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I'm finding in trouble trying to resolve this exercise. I have to calculate the convolution of two signals:

$$y(t)=e^{-kt}u(t)*\frac{\sin\left(\frac{\pi t}{10}\right)}{(\pi t)} $$

where $u(t)$ is Heavside function

well I applied the formula that says that the convolution of this two signal is equal to

$$Y(f)=X(f)W(f)$$

where $X(f)$ is the fourier transform of the first signal and $W(f)$ is the fourier transform of second signal

well fourier transform of $e^{-kt}u(t)$ is $X(f)=\frac{1}{k+j2\pi f}$. I have to make second signal as equals as possible to $\operatorname{sinc}\left(\frac{\pi t}{10}\right)$ so I do this operation: $\frac{\sin\left(\frac{\pi t}{10}\right)}{\left(\frac{\pi t}{10}\right)}{\left(\frac{1}{10}\right)}$. this is equal ${\left(\frac{1}{10}\right)}\operatorname{sinc}\left(\frac{\pi t}{10}\right)$

right or not?

Edit

If something is not clear please advice me

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The convolution is not equal to the product of Fourier transforms. (It can't be, since convolution is a function of time, while the Fourier transform is a function of frequency.) Rather, the convolution is the inverse Fourier transform of the product of Fourier transforms. I haven't checked your FT's, but assuming they're correct, compute their product, then compute the inverse FT of the product. That is the convolution. –  William DeMeo Mar 28 '12 at 21:26
    
I made some corrections, perhaps conceptually relevant: you are not trying to compute "the convolution of $y(t)$" (you don't compute the convolution of one signal), rather $y(t)$ is the convolution of $x(t)$ and $w(t)$ –  leonbloy Jul 4 '12 at 13:09
    
@Mazzy see the edit. –  Seyhmus Güngören Sep 9 '12 at 9:42

3 Answers 3

up vote 1 down vote accepted

I think this question should be solved in the frequency domain. Otherwise it seems difficult (at least to me).

$$e^{-kt}u(t)\rightarrow^F\frac{1}{k+jw}$$ and $$\frac{w_b}{\pi}sinc(wbt)\rightarrow^F rect(\frac{w}{2w_b})$$ and this in your case $w_b=\frac{\pi}{10}$

As a result we have $$Y(w)=X(w)W(w)=\frac{1}{k+jw}rect(\frac{w}{2w_b})$$ where $rect(\frac{w}{2w_b})=1$ if $|w|<wb$, else $0$. Finally what we need to do is to calculate the inverse fourier transform that is $$y(t)=F^{-1}(Y(w))=\frac{1}{2\pi}\int_{-w_b}^{w_b}\frac{1}{k+jw}e^{jwt}dw.$$ I think this integral should not be a big trouble.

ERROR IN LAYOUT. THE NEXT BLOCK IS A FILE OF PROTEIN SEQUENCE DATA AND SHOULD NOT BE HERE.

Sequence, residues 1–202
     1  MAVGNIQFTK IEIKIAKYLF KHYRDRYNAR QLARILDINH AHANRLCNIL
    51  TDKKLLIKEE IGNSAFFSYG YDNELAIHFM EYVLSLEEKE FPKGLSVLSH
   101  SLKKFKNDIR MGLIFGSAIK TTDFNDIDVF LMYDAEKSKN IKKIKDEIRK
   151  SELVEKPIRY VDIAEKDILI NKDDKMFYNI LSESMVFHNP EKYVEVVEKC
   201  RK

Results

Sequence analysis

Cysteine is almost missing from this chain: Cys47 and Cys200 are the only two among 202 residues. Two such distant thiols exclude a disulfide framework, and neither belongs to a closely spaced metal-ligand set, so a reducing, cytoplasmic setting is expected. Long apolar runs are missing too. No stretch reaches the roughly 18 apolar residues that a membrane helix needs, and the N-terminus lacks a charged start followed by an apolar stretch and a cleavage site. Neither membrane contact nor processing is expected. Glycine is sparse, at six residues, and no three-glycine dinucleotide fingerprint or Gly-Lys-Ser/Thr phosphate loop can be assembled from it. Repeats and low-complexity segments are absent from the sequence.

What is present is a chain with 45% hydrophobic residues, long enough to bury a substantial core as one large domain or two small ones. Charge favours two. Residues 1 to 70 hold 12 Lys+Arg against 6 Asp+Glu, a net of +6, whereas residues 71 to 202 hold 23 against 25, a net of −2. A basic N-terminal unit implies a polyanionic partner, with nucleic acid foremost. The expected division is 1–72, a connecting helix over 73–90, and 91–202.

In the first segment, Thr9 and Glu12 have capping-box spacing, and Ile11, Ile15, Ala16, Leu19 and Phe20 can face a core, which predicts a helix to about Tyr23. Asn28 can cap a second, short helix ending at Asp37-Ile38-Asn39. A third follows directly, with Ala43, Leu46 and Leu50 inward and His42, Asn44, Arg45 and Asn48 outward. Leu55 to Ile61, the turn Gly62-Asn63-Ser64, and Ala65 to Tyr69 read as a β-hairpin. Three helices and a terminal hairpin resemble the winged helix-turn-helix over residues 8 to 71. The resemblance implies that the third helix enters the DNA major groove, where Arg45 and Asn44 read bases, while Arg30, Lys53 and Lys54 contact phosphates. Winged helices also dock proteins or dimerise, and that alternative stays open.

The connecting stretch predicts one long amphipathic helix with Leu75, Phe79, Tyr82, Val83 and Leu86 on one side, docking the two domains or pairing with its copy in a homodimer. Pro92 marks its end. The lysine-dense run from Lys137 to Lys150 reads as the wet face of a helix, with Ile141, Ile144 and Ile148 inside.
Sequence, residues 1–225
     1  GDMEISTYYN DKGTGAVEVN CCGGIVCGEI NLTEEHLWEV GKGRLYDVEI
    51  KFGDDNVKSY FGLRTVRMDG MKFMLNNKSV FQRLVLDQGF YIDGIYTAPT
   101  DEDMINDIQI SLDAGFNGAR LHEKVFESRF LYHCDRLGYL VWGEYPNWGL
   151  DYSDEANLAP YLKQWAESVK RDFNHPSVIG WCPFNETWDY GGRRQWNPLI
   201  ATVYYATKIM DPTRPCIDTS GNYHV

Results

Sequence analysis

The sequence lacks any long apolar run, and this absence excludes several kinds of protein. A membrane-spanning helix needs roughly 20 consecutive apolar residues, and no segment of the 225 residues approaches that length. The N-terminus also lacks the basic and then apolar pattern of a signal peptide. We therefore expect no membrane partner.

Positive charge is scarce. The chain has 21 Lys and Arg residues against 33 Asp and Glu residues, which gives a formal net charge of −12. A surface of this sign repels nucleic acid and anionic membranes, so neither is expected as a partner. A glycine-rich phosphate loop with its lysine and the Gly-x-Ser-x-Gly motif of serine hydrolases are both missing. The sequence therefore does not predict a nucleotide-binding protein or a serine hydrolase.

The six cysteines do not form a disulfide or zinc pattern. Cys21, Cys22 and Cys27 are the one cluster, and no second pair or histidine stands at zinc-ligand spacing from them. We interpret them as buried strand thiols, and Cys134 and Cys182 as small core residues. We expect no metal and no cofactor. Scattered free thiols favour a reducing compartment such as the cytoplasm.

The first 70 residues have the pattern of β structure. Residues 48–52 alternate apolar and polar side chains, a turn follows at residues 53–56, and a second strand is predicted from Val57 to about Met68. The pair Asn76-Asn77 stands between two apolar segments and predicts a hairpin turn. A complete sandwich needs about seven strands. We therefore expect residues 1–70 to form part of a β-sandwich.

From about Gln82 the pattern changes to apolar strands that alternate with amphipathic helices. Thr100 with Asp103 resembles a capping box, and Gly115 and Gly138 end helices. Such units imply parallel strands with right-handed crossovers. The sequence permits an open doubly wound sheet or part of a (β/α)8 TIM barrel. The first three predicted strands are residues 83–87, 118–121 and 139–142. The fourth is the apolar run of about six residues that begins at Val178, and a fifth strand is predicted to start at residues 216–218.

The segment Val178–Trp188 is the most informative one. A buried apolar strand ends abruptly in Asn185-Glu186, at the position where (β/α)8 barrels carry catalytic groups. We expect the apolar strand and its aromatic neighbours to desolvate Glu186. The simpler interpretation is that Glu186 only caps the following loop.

EDIT: We can make a change of variables as $z=k+jw$ and $dz=jdw$. From here we have

$$\frac{1}{2\pi}\int_{-w_b}^{w_b}\frac{1}{k+jw}e^{jwt}dw=\frac{-j}{2\pi}\int_{-w_b}^{w_b}\frac{1}{z}e^{(z-k)t}dz=\frac{-j}{2\pi}\int_{-w_b}^{w_b}\frac{1}{z}e^{zt}dz\cdot\int_{-w_b}^{w_b}\frac{1}{z}e^{-kt}dz$$ from http://en.wikipedia.org/wiki/List_of_integrals_of_exponential_functions $$\int\frac{ e^{tz}}{z}dz=\ln|z|+\sum_{n=1}^{\infty}\frac{(tz)^n}{nn!}$$ and $$\int\frac{1}{z}e^{-kt}dz=\ln|z|e^{-kt}$$ Accordingly we have $$\frac{-j}{2\pi}\left[\ln|z|e^{-kt}\left(\ln|z|+\sum_{n=1}^{\infty}\frac{(tz)^n}{nn!}\right)\right]_{-w_b}^{w_b}$$ which is $$\frac{-j}{2\pi}\left(\ln w_be^{-kt}\left(\sum_{n=1}^{\infty}\frac{(tw_b)^n}{nn!}-\sum_{n=1}^{\infty}\frac{(-tw_b)^n}{nn!}\right)\right)$$

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"I think this integral should not be a big trouble." Could you outline an approach that could be used to evaluate the integral or provide a reference to a table of Fourier transforms where this inverse transform can be found? –  Dilip Sarwate Sep 9 '12 at 2:24
    
@DilipSarwate please see the edit. –  Seyhmus Güngören Sep 9 '12 at 9:39

I think it is better to leave the Fourier transform idea, and use brute force instead.

  1. Write down the integral.

  2. Use the definition of the Heaviside function.

  3. Use a change of variable.

  4. Use Euler formula for $\sin$.

  5. End up with exponential integrals.

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I don't think there's anything wrong with this answer. Hopefully it won't get marked down again...+1 –  daniel Sep 10 '12 at 1:32
    
@daniel Thanks, perhaps the change of variables should be removed though. –  AD. Sep 10 '12 at 17:17

I think William DeMeo's comment is a good answer. You are simply trying to use the table and get your function into a form that can be used.

The second function--call it $f_2$-- is currently $\frac{\sin (\pi t/10)}{\pi t}.$ Multiply it by 10, so you have $$f_3 = 10 \cdot f_2 = 10 \frac{\sin(\pi t/10)}{\pi t}= \frac{\sin(\pi t/10)}{(1/10)\pi t}= \text{sinc}(\pi t/10).$$

Letting $f_1 = e^{-kt}u(t),$ we know that the product of the transforms $F_1$ and $F_3$ pairs with the convolution of the inverses of the functions in the time domain.

So find the Fourier transforms of $f_1,f_3$, multiply those, and find the inverse transform of the product. That will be the convolution $c_1 =f_1*f_3.$ Since $AF(\omega)\leftrightarrow Af(t), c_2 = \frac{c_1}{10}$ is what you want.

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what is the difference of your post then mine except for implicit expressions. –  Seyhmus Güngören Sep 9 '12 at 9:44
    
there is no problem except that you had to refer if there was already a similar post. Your post says Find Fourier transforms of $f_1$ and $f_3$ while there is another post which provides them already (my post before the edit). –  Seyhmus Güngören Sep 10 '12 at 10:37

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